Monday, April 02, 2007
In a recent conversation with two friends from church, they expressed their disdain for theology and how irrelevant it seems to their Christianity. One of them quoted Karl Barth who, when asked to sum up his life’s work said, “Jesus loves me, this I know.” If Barth had known that his words would so often be used to negate his life’s work rather than summarize it, I wonder if he would have bitten his tongue.
I completely understand that not everyone keeps a Miroslav Volf book on the back of the toilet or gets excited about graduate level theology classes. And I also share frustration with the kind of theology that is completely divorced from the life of the Church and the life of faith. There are plenty of theological writings that are only interesting to a handful of professional theologians who read each other’s work and analyze it with academic detachment, never penetrating the wall between the world of academia and the lives of regular Christians.
However, I really believe that everyone is a theologian, but have just never been taught to regard their theology as, well, theology. Our theology (whether or not we call it that) directly impacts the way we live out our faith in Christ. And here is where I see a problem – when we disdain theology we are prone to neglect wrestling with important theological issues that impact the way we think and act. We tend to operate on assumptions that we’ve absorbed from our church culture. So when we experience a tragedy, or our country goes to war, or we find out our kid is gay, or when we choose what kind of products to consume, or how to respond to global and local poverty, or we get trapped by an addiction, or we’re faced with death or disease … and so on, we fall back on unreflective behaviors or knee-jerk reactions. And if something shakes us to a point of crisis where we are finally willing to think through our theology, we find ourselves surrounded by people who think theology isn’t important, but who are more than willing to offer unreflective, though sincere, platitudes. “Everything happens for a reason.” “God helps those who help themselves.” “It must be God’s will.” “There must be sin or your life or God would be blessing you.” “God needed your loved one for his garden in heaven.” and so on.
This seems to be a systemic problem, and one of the reasons for the appeal of so many emerging churches. I am excited about a movement toward theological engagement that encourages regular Christians to question and wrestle with theological truth. It doesn’t require knowing a bunch of “high-falootin’” words, but it does require a community that is willing to value theology and to place theology where it belongs – squarely in the center of the life of faith and the life of the Church.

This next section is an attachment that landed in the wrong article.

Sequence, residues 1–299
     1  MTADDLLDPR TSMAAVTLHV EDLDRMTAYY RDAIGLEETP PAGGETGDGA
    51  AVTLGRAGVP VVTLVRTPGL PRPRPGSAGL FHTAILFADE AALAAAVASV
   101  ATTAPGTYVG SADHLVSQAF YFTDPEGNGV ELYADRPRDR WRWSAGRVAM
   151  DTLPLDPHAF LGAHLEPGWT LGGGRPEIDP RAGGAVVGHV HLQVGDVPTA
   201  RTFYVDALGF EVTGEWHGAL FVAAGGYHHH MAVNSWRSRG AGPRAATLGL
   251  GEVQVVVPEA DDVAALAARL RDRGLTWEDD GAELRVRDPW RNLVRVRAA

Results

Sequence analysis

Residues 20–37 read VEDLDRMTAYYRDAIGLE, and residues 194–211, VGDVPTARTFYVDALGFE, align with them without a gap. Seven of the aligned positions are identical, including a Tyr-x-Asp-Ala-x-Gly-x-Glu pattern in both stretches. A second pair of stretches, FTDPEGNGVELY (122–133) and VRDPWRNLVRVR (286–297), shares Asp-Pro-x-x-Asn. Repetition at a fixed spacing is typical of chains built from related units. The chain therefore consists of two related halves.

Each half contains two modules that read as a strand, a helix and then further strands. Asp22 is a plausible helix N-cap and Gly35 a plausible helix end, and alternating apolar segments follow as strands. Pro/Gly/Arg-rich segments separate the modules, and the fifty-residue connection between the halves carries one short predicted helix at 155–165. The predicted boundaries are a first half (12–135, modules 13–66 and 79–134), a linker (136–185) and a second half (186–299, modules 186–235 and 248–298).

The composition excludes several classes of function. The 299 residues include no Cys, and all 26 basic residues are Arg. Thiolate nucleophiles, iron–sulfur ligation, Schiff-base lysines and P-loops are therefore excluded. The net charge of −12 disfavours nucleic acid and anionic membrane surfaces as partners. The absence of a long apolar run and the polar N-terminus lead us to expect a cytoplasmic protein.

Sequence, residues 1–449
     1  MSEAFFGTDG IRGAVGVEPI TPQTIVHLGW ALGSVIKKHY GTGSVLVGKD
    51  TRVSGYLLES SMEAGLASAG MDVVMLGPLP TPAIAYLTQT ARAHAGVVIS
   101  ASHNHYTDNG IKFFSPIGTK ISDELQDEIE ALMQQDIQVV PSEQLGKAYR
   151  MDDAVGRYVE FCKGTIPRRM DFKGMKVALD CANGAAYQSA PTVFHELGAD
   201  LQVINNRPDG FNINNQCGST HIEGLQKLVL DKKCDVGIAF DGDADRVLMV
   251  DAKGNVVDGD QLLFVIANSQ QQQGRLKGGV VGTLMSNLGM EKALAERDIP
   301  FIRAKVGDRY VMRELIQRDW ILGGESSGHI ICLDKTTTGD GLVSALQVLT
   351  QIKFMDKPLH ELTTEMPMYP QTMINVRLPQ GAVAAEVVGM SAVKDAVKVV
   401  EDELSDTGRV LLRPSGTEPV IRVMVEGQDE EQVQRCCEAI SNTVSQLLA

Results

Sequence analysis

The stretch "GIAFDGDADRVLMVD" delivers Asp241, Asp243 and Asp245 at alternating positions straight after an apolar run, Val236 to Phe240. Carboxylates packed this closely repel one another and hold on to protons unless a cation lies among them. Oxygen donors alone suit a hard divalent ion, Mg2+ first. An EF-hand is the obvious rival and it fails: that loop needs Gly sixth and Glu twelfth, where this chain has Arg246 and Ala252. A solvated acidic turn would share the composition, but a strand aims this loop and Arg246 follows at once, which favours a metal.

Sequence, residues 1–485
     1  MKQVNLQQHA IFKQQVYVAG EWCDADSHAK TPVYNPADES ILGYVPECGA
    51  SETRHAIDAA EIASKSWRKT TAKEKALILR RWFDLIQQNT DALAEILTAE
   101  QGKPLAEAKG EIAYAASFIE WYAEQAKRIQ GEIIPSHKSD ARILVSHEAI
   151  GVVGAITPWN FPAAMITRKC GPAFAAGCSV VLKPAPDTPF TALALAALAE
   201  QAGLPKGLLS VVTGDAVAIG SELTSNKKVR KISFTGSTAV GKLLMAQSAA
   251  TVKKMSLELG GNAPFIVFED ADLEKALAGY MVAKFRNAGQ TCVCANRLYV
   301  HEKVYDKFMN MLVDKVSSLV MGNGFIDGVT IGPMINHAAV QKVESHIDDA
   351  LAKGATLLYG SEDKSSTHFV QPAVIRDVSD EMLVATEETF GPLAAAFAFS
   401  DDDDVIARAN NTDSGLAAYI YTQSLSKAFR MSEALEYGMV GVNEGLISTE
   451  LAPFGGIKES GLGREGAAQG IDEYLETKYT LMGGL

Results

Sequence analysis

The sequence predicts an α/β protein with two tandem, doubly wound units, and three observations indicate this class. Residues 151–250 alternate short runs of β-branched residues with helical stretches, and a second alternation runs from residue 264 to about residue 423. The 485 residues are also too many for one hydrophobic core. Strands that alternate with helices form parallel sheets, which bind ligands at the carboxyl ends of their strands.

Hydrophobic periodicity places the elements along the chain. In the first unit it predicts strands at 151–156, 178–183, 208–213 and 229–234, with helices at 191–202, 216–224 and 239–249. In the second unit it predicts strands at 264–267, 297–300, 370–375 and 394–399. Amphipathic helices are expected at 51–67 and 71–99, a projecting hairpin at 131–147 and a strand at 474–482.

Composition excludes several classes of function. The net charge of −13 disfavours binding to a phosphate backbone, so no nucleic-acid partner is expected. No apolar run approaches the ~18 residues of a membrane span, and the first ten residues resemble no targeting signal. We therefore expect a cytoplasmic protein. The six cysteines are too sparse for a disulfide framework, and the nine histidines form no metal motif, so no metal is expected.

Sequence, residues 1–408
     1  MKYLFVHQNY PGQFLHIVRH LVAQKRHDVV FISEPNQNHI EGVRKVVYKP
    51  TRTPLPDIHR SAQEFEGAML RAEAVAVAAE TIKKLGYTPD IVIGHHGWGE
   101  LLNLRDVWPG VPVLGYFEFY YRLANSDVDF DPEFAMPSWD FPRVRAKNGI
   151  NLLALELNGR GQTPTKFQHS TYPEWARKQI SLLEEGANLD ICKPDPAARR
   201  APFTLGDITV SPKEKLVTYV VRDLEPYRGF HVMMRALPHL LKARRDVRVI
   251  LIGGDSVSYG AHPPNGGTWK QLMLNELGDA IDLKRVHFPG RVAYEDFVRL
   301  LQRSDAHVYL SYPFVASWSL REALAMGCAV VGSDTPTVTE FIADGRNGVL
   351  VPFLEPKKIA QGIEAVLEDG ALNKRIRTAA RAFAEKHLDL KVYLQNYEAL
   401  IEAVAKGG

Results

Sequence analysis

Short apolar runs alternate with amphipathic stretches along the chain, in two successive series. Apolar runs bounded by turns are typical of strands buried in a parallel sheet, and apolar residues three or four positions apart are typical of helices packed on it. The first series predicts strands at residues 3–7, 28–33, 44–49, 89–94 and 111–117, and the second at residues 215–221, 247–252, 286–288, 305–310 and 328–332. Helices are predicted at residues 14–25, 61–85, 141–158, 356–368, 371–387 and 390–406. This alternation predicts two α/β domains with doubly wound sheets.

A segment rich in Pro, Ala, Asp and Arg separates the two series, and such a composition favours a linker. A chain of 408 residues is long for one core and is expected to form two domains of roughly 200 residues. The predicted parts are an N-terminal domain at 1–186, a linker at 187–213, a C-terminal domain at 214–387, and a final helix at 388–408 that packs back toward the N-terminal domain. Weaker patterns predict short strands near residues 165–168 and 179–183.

Wednesday, January 31, 2007
Diversity – I was astounded at the diversity of this group of women. Being women and being Christian were really our only common denominators. Generationally, we spanned a range from teenage to 70+. Denominationally we included mainline and evangelical Protestants from theologically “liberal” and “conservative” traditions, and even one Catholic woman (yay, Ruby!). We included Democrats, Republicans, and Independents. We included never-married, divorced, engaged, and married women. We included mothers, grandmothers, great-grandmothers, and those without children. We included pastors, church-planters, women’s ministry leaders, youth leaders, associate pastors, lay leaders, former church leaders, future church leaders, and many who are unsure of what leadership will look like in their futures. We had dreadlocks, braids, pink hair, red hair, very short hair, very long hair, very daring hair, very tame hair, trendy hair and timeless hair. We had tattoos and no tattoos. We had pregnant ladies and nursing mothers. We had home-oriented moms and career-oriented moms. We had knitters and bloggers (and knitting bloggers). We had emerging event first-timers, and emerging event old-timers. We even had women flying in from places like Baltimore and Illinois, and driving down from Canada. (Upon reflection, the area where there was a most glaring lack of diversity was racially, with the vast majority of us being white. This might be something to ponder in light of the observation/ accusation that the emerging church is a white thing – but that’s another conversation.)
With all of this amazing diversity spread among the 60+ women present, it seemed nothing less than the unity of the Spirit of God that brought us together so graciously and so intimately for the weekend. We talked and we listened. We learned from each other. We gained strength and inspiration from hearing each others’ stories. We were challenged by each others’ perspectives and experiences. We respected our differences and set them aside when they threatened our unity. In our closing reflections, many women commented on how surprised they were to find a group of women – Christian women at that – who were able to create such a safe place for one another.